In Indonesia, Abram Tan proudly owns and utilises a 1983 Tehnics HiFi that belonged to his father, a 2001 DigiTech RP300 guitar effects processor, a 2005 Sony DCS-T1 digital camera, a 2005 30Gb iPod, a 2006 O2 XDA and a 2007 MacBook 2. He explains: "These old technologies serve their purpose well and I feel I still haven't even come close to utilising them to their maximum potential. Why should we buy something new when the old one still does its job well?" He maintains that you don't need to be technically minded to fix older gadgets. "With my HiFi, if it's broken, I'll just open it up, find the culprit, do some soldering, and it will work again. It's just plain old cables, resistors, capacitors, small transistors. No chips, no flexible cables. The parts are everywhere and older gadgets seemed to be made from better materials in general."
Refuseniks without know-how can now turn to online guides for digital DIY advice. Ifixit.com includes step-by-step guides on projects like replacing iPod hard drives, disassembling PS3 Slims and installing new logic boards in MacBooks.
In 1962 when communications scholar Everett M Rogers coined the term "technology laggard", he was describing a group of consumers labelled "near isolates", "suspicious of innovations and of change agents", who were largely poor and less intelligent. Today's refuseniks no longer fit the disadvantaged Luddite stereotype. Most are educated, informed and choose to take their stance as a matter of principle. And their voice is increasingly heard. "Laggards have a bad reputation, but they are crucial in pacing the nature of change," says technology forecaster Paul Saffo.
The laggards forced the UK government to extend its planned digital TV roll-out. When it became apparent huge numbers of people were refusing to buy set-top boxes to receive DTV, Tessa Jowell labelled them "a hardcore of refuseniks", conjuring up an image of active political dissidence. However, research found the DTV laggards simply found set-top boxes too difficult to use. Subsequently the Government was forced to lobby manufacturers to improve design.
Sometimes technology places unforeseen constraints on its own uptake. When Firefox developers tried to find out why some users were resistant to updating from version two to version three, they found a quarter of late adopters were concerned because the new system highlighted bookmarks, allowing other people using the hardware to see which websites had been visited; embarrassing if you'd been delving into the net's murkier corners.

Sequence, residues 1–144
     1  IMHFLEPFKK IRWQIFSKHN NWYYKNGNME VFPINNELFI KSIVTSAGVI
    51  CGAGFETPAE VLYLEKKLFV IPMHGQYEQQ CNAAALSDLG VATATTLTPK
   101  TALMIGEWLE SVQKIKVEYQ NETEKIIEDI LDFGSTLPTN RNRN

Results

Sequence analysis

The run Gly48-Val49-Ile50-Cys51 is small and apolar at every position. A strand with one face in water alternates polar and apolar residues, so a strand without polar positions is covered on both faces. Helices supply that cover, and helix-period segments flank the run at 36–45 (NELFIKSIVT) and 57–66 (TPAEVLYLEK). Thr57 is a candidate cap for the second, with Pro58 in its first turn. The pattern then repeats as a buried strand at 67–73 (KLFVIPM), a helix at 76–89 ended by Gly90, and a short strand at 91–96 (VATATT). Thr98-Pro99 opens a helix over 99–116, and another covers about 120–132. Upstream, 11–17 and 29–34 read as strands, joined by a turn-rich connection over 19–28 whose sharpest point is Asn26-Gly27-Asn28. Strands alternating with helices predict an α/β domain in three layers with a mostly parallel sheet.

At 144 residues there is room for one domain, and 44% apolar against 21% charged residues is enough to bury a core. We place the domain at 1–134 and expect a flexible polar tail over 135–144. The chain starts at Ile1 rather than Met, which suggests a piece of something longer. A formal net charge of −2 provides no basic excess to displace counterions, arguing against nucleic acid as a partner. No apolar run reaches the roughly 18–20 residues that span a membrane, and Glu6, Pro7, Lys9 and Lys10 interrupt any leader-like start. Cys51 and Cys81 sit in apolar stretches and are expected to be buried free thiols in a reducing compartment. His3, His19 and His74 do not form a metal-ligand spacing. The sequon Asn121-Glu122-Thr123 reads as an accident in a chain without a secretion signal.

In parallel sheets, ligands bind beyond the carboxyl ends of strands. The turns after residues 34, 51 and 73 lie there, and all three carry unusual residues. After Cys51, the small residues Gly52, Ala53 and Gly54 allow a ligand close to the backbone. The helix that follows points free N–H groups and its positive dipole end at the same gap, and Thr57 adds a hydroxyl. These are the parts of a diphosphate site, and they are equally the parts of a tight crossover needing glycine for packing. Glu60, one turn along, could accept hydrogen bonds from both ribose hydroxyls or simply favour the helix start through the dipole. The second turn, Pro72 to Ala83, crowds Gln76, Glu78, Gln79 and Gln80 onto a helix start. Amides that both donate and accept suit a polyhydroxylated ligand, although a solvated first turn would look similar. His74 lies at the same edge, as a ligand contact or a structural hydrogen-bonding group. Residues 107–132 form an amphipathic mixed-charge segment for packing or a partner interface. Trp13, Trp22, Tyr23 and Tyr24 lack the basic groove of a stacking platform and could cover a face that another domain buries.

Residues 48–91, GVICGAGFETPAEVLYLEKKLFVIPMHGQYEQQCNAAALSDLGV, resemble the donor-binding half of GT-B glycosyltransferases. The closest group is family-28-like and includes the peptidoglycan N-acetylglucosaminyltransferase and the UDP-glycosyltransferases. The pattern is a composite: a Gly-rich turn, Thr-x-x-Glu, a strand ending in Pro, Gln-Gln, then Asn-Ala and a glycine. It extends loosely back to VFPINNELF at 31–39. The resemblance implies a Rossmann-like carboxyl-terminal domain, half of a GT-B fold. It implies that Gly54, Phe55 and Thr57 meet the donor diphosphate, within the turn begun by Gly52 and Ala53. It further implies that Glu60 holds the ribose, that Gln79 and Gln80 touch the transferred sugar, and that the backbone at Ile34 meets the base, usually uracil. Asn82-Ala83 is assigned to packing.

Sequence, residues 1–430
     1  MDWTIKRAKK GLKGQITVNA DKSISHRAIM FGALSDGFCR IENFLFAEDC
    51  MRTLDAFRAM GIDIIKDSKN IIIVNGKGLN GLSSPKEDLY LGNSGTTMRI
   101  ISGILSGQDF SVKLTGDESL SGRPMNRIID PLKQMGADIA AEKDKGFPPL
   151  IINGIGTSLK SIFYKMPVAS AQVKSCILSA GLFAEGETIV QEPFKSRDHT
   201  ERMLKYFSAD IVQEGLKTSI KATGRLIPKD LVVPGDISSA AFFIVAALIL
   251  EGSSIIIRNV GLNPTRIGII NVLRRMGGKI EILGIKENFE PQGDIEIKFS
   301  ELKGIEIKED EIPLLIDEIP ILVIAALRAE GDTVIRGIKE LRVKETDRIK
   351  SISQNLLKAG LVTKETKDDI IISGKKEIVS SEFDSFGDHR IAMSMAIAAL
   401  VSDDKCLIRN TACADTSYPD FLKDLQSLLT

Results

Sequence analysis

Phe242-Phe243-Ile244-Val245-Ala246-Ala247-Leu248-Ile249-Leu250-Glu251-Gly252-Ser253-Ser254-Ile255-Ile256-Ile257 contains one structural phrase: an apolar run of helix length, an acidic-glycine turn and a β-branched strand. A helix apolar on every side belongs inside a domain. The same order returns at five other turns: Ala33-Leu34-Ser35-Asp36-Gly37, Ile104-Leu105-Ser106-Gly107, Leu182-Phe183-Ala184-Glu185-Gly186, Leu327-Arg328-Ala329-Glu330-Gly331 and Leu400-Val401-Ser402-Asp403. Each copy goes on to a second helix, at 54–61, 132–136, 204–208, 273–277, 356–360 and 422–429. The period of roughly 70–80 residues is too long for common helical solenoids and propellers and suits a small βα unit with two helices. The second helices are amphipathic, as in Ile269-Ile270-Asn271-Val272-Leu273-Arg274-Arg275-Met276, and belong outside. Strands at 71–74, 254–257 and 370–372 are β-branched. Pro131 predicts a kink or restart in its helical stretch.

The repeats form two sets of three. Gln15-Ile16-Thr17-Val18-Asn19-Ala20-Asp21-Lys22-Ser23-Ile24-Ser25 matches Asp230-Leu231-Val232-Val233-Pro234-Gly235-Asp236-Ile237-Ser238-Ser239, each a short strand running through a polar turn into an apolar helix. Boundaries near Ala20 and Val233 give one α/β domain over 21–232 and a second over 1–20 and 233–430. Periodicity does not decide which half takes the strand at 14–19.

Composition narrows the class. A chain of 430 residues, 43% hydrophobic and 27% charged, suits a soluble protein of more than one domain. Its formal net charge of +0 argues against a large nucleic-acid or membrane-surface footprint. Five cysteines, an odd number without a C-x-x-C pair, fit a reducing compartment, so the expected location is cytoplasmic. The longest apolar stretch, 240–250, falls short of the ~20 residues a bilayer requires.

Often, late adopters are happy with what they already own. Last year, when AOL announced it would no longer support the 15-year-old browser Netscape, the programme still had a hardcore of over one million loyal users who resisted updating. For the same reason, dial-up continues to be a big market despite the availability of Broadband, and the Well, a simple text-based email exchange launched in 1985, still has a cult following. As Well user David Gans explained: "Every other online conversational space has a toolbar where you can plug in your favourite winking face. But just because you can have a nuclear-powered thing that can dry your clothes in five minutes doesn't mean there isn't value to hanging your clothes in the backyard and talking to your neighbour while doing it."
Old and new technology can work in harmony. The oldest working television set, a 1936 Marconiphone owned by an antiques collector in London, is connected to a Freeview box so viewers can enjoy reruns of Top Gear on Dave on its grainy black and white screen. And even if it no longer functions, an appliance can still hold value. There is a thriving market in defunct iconic appliances. The first mobile phones fetch up to £3,000 on the collectors market. So maybe it's better to keep your 3GS in its box, save yourself the pain of having to upgrade again and reap the rewards in 30 years time.
How to get the most from old technology
* Use peripherals. Expand the functions of old computers with external hardware like CD writers and webcams – it's cheaper than buying a whole new PC.
* Keep it clean. Just keep the bare essentials on your hard drive and save everything else like music and photos on an external drive.
* Look after it. Use it for what it was meant for, keep it in good condition and it should last.
* Shop around for spares. Websites like eBay are full cheap components.
* Find a man who can. It's not unusual to take a broken piece of kit into a High Street chain and be told that it's beyond repair. Look for independent technicians who will be much more inclined to try and fix the problem.
* Have patience. Things move slower at the blunt end of the cutting edge.